In a brief notice posted online Wednesday July 25, the DEC repealed logging restrictions that had failed to contain the spread of the insect by limiting shipments of ash.
“Regulations are no longer serving the purpose of slowing the spread of Emerald Ash Borer or allowing time for municipal governments to plan for the arrival of Emerald Ash Borer," said the notice.
“The financial cost of the regulations to state government and the forest products industry now outweigh the limited economic benefit of protecting a dwindling ash resource from infestation,” the notice said. “Immediate repeal of these regulations will allow the forest products industry and forest landowners to harvest and process ash that is still of high quality.”
The state created the quarantine in 2015 to slow the insect, which threatens all North American ash trees: a population of about 8.7 billion. It’s already killed an estimated 50 million trees across North America.
Efforts to limit EAB’s scope have affected businesses that sell ash trees or wood products, property owners and governments. Economic impacts are high for urban and residential areas due to the treatment and removal costs, and decreased land value associated with dying trees. Costs for managing these trees often fall on homeowners or local districts.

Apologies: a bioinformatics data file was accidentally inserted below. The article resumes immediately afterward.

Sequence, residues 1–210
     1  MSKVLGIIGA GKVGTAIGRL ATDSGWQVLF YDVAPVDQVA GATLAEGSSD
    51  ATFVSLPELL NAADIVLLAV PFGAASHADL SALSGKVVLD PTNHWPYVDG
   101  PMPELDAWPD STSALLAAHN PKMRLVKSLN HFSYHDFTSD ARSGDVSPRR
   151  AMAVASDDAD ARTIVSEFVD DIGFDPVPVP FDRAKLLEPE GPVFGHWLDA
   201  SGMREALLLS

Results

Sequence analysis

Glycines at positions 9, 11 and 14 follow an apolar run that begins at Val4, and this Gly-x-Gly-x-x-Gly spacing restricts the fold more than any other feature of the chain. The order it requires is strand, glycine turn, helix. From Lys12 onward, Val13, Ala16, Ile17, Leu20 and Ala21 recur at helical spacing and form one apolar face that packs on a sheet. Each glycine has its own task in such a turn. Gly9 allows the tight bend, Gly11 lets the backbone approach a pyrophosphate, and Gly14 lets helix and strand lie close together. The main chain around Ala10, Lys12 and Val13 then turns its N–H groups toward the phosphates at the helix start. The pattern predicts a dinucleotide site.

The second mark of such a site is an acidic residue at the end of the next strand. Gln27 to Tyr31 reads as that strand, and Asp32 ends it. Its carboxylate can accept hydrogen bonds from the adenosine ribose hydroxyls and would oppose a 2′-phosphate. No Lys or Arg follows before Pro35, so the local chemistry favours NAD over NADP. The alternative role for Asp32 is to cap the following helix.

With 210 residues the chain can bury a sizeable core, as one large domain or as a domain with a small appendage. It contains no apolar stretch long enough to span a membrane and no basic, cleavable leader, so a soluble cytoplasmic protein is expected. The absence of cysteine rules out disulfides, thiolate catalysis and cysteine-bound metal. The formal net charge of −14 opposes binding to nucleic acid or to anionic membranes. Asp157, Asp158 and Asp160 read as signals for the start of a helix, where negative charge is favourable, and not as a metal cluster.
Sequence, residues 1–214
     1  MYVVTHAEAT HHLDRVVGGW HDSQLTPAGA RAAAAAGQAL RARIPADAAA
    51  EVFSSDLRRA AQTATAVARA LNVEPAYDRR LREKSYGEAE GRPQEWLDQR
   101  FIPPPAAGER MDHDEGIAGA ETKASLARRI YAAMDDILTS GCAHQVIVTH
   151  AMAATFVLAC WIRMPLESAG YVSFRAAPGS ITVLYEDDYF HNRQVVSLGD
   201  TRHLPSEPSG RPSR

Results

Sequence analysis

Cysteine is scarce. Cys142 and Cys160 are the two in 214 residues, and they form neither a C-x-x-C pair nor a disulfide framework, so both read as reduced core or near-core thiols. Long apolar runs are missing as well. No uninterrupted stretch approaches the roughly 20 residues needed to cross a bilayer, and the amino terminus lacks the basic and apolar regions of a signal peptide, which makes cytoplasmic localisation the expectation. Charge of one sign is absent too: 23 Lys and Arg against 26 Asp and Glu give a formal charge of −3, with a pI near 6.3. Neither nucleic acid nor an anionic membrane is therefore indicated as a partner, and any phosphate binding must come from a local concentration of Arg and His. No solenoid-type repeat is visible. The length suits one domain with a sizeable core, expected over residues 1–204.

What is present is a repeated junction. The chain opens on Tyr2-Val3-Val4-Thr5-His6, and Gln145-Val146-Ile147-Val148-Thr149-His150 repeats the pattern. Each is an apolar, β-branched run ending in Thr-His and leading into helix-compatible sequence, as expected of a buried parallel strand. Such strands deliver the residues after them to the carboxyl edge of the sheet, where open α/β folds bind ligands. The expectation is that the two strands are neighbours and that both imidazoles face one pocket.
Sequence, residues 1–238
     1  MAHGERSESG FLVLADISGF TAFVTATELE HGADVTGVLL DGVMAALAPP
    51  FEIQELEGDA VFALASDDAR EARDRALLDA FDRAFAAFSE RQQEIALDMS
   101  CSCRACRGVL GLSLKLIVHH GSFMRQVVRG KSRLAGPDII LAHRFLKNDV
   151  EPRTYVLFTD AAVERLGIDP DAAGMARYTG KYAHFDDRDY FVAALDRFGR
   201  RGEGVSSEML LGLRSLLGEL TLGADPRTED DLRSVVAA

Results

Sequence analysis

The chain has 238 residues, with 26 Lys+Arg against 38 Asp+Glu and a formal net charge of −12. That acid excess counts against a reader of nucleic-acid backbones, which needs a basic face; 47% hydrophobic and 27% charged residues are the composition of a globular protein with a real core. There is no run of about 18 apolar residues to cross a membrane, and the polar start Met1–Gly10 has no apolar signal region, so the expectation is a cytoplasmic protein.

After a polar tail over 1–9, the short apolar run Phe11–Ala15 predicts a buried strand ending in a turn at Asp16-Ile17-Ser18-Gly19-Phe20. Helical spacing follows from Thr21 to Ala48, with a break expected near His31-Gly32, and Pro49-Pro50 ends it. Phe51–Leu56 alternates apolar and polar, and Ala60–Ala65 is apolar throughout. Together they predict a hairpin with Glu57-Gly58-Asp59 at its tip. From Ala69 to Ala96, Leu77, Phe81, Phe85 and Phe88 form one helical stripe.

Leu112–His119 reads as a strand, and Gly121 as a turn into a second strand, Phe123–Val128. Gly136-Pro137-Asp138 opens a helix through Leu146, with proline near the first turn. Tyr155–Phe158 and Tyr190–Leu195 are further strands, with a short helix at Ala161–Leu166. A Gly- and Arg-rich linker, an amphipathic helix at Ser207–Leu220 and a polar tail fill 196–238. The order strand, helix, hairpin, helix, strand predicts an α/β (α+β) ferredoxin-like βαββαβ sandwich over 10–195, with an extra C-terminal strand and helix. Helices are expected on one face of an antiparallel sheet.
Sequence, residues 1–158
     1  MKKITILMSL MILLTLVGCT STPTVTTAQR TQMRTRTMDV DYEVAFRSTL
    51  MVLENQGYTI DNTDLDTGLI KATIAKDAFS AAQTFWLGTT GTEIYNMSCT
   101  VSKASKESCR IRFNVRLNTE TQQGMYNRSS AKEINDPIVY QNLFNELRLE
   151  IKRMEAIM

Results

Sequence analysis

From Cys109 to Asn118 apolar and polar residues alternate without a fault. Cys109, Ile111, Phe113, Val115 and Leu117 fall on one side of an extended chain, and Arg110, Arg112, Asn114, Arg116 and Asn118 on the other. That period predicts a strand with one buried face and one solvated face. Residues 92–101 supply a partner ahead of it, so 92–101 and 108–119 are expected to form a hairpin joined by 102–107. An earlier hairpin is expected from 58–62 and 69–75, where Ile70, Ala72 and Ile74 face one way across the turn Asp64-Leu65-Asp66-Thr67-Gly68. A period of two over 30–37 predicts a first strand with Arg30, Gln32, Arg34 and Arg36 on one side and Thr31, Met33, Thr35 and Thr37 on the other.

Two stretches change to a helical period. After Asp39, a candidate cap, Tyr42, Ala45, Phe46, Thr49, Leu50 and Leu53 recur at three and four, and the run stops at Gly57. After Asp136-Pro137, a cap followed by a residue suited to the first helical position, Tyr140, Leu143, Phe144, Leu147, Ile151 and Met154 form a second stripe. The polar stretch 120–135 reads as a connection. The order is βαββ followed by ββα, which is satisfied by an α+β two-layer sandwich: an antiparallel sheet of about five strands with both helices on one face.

Regulations remain in place against moving any ash wood infested with the Emerald Ash Borer, which is an invasive species killing ash trees. There is also still a prohibition in place against moving firewood more than 50 miles from its source.
In addition to implementing quarantines, efforts have been made to service logs of dead, infected trees into lumber and other wood products. Using a specialized heating chamber, researchers at Pennsylvania State University have discovered a way to kill destructive pests, such as the emerald ash border, in wood for pallets and other shipping components.
Ash is known for its staining potential and ability to mimic oak. It has great shock resistance, solid workability, and is low in price. It’s commonly used for tool handles, where toughness is important. The loss of ash from an ecosystem can result in increased numbers of invasive plants, changes in soil nutrients, and effects on species that feed on ash. The loss to an economy can be devastating.
The 8.7 billion ash trees in North America are valued at more than $280 billion. Ash trees are especially abundant in eastern forests, but real diversity is actually in the southwestern U.S., where at least eight of 16 native ash species are present.